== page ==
[P3a] Casters and commentators are to yell

When you watch a professional sports match on TV, it will be odd not to have any casters and commentators busily interpreting the game. Not only odd, but it will be less entertaining to watch as these folks give us a great amount of background information regarding the match, the team, the athletes, the history, and whatsoever. It is not hard to find some former-pro athlete commentators who can talk about the mentality behind the athletes when they make certain decisions and movements that normally a caster would not know. (And they are all freakin opinionated for some reason.)

Now, exactly the same thing applies to the esports scene. I remember the day when I first saw OGN (back then it was called OnGameNet), a cable television channel dedicated to esports broadcasting, in 1999. Whoever thought about it, even the very first Starcraft league being broadcasted had the same caster-commentators configuration as a normal sports broadcasting would do. And come to think of it, the caster and commentators that day were doing a job that it didn’t exist before, on live. Now how cool is that?

Online streaming service like Twitch has the same configuration for tournament broadcasting. The Tekken World Final event held in Amsterdam that I happened to visit last year was sponsored by Twitch and I remember there were not three, but four Twitch caster and commentators busily speaking at a 1:1 Tekken match that usually last only for a few minutes. Check out this video below that I took last year.

I think the beauty of watching through the caster-commentator setup is the emotion that they build as the game progresses. Like for example, there are certain points during the game when the commentator suddenly burst shouting as if he cannot believe what is happening in front of his eyes. For Starcraft (apologize for my reference always being the same, but I’m trying to be consistent here guys), that could be a hidden photon canon rush or a hidden hatchery build right behind the opponent base in the blind spot or producing a group of carriers in the midst of a fierce and busy battle field that the observer even missed to spot. I can go on for on and on..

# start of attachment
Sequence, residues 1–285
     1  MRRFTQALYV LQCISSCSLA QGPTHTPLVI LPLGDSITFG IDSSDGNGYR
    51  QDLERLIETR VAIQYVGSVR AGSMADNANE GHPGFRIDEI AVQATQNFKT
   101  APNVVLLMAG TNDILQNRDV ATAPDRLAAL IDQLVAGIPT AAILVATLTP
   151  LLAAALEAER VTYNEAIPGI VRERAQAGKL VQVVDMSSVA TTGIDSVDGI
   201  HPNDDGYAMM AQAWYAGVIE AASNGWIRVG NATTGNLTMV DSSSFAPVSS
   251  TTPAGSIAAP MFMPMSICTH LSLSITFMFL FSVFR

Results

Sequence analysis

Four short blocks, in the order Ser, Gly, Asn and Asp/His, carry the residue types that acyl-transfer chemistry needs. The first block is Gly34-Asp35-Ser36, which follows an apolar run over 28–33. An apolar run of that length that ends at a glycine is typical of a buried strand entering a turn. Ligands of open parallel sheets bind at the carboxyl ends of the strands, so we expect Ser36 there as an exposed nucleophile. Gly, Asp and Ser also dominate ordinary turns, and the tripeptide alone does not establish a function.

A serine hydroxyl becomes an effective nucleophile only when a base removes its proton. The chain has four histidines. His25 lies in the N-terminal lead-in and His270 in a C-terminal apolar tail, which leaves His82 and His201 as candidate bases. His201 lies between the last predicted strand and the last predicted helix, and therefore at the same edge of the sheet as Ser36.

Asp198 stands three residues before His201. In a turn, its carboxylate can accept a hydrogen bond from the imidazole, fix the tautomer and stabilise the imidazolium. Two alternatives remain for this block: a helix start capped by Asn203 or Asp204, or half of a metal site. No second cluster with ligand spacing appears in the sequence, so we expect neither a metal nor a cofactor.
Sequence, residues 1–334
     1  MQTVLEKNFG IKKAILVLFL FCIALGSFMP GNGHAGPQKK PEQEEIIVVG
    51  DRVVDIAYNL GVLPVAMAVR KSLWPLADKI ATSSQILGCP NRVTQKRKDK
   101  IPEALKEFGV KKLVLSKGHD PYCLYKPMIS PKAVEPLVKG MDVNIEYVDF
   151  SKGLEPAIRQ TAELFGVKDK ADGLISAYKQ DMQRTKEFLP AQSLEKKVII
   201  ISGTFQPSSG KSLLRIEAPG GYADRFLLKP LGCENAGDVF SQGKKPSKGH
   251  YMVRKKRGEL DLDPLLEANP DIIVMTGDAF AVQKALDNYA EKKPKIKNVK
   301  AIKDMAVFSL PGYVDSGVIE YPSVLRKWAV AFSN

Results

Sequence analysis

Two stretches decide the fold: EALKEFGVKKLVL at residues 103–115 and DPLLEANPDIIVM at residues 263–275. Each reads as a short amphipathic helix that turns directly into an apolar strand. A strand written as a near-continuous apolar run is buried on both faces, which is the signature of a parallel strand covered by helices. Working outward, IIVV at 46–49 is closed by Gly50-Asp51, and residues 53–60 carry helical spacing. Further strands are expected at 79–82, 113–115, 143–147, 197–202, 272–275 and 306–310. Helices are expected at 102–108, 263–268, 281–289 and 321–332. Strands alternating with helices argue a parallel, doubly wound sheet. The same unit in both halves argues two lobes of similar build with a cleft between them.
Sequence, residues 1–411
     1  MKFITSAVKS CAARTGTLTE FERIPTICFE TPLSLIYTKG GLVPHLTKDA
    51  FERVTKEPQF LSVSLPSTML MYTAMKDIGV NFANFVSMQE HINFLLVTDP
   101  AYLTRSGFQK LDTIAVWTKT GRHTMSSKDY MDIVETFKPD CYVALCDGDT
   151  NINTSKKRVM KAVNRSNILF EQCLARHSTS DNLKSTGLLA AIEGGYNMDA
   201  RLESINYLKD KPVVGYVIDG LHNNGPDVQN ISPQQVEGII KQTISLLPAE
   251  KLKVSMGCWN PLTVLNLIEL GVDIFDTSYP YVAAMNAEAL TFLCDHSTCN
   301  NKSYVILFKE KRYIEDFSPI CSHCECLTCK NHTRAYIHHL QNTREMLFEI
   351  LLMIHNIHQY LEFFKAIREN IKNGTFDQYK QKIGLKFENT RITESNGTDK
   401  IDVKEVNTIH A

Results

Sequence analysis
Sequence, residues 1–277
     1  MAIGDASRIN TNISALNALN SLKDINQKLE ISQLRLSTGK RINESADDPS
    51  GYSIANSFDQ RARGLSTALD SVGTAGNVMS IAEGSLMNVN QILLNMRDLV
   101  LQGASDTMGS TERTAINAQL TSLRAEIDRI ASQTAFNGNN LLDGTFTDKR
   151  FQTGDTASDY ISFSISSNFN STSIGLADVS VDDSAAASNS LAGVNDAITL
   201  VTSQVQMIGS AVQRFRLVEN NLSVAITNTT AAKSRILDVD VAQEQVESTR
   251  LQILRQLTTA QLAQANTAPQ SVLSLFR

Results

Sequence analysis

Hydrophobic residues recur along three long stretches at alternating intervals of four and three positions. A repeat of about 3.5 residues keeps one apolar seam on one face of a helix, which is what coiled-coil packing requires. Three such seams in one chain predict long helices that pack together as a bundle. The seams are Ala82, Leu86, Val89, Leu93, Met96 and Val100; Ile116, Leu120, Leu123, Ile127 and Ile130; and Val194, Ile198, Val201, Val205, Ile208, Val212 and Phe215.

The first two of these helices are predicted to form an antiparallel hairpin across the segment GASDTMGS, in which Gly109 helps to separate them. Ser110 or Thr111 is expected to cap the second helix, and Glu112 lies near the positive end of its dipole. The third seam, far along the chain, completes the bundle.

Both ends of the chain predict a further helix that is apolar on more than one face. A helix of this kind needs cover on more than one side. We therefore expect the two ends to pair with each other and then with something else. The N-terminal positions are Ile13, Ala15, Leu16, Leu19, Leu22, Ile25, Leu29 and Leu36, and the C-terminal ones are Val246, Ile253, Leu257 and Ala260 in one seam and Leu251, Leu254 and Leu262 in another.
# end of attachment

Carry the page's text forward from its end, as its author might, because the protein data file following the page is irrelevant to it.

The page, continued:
Of course, there were “star” casters and commentators too and these guys really paved the way of how esports should be perceived. I have a lot of respect for these guys and I will get back to introduce some of them later on.

KOCCA Seminar on 5G and esports

Some latest news in the scene.

KOCCA Japan has organized another seminar event on a hot topic in the industry (5G!) and I had to pay a visit to check out. Bottom line: there was a lot to learn.

Three guest speakers from Korea: 1. The producer of 2018 PyeongChang Winter Olympics’ opening ceremony, 2. The VP of PUBG, and 3., a representative of Samsung electric’s Mobile Communication Business.

The main purpose of my visit was No. 2 — To know more about PUBG’s business and their take on esports. Now PUBG being one of the most played game in history and fastest growth (they have 7 Guinness records), they were being pretty aggressive on their esports strategy I’d say. Three main focus area were

  1. Unifying the tournament event rules – the rules used to differ depending on the region
  2. Real time API adoption – Pro athlete’s game data can now be used in live broadcasting
  3. Team-branded in-gaming item sales

They are preparing to launch some kind of platform that I wasn’t sure if they explained fully. Given the many users and teams already out there in the world, the esports growth looked very promising. They just had a very successful tournament event in Berlin with a local government support as well this year.

5G’s core capability boiled down to what the Samsung representative has summarized:

  1. Enhanced mobility broadband (faster connection)
  2. Ultra reliable & low latency communication (no disconnection)
  3. Massive machine type communication (all devices connected)

Given the cross-platform games and the upcoming cloud game platform release by Google, the hardware will no longer be an obstacle to users and for game makers they will need to focus on the software contents instead of hardware & software pair. The disruption in the gaming scene by such a “cloud transformation” seems very promising and 5G seems like the right catalyst to enable it.

Now would this be a strong signal for the Japanese gaming industry to change? Let’s see..

[S4] How to win a semi-pro player on a team play

Back in Hyundai era, we had a semi-professional Starcraft player in our team. He was too good. Nobody could match him 1-on-1 (not even close) and the game usually ends no longer than 20 min. There were always more units produced, his unit control fooled us to believe that it’s actually alive, and he understood the flow and the timing of his opponent. He was just invincible.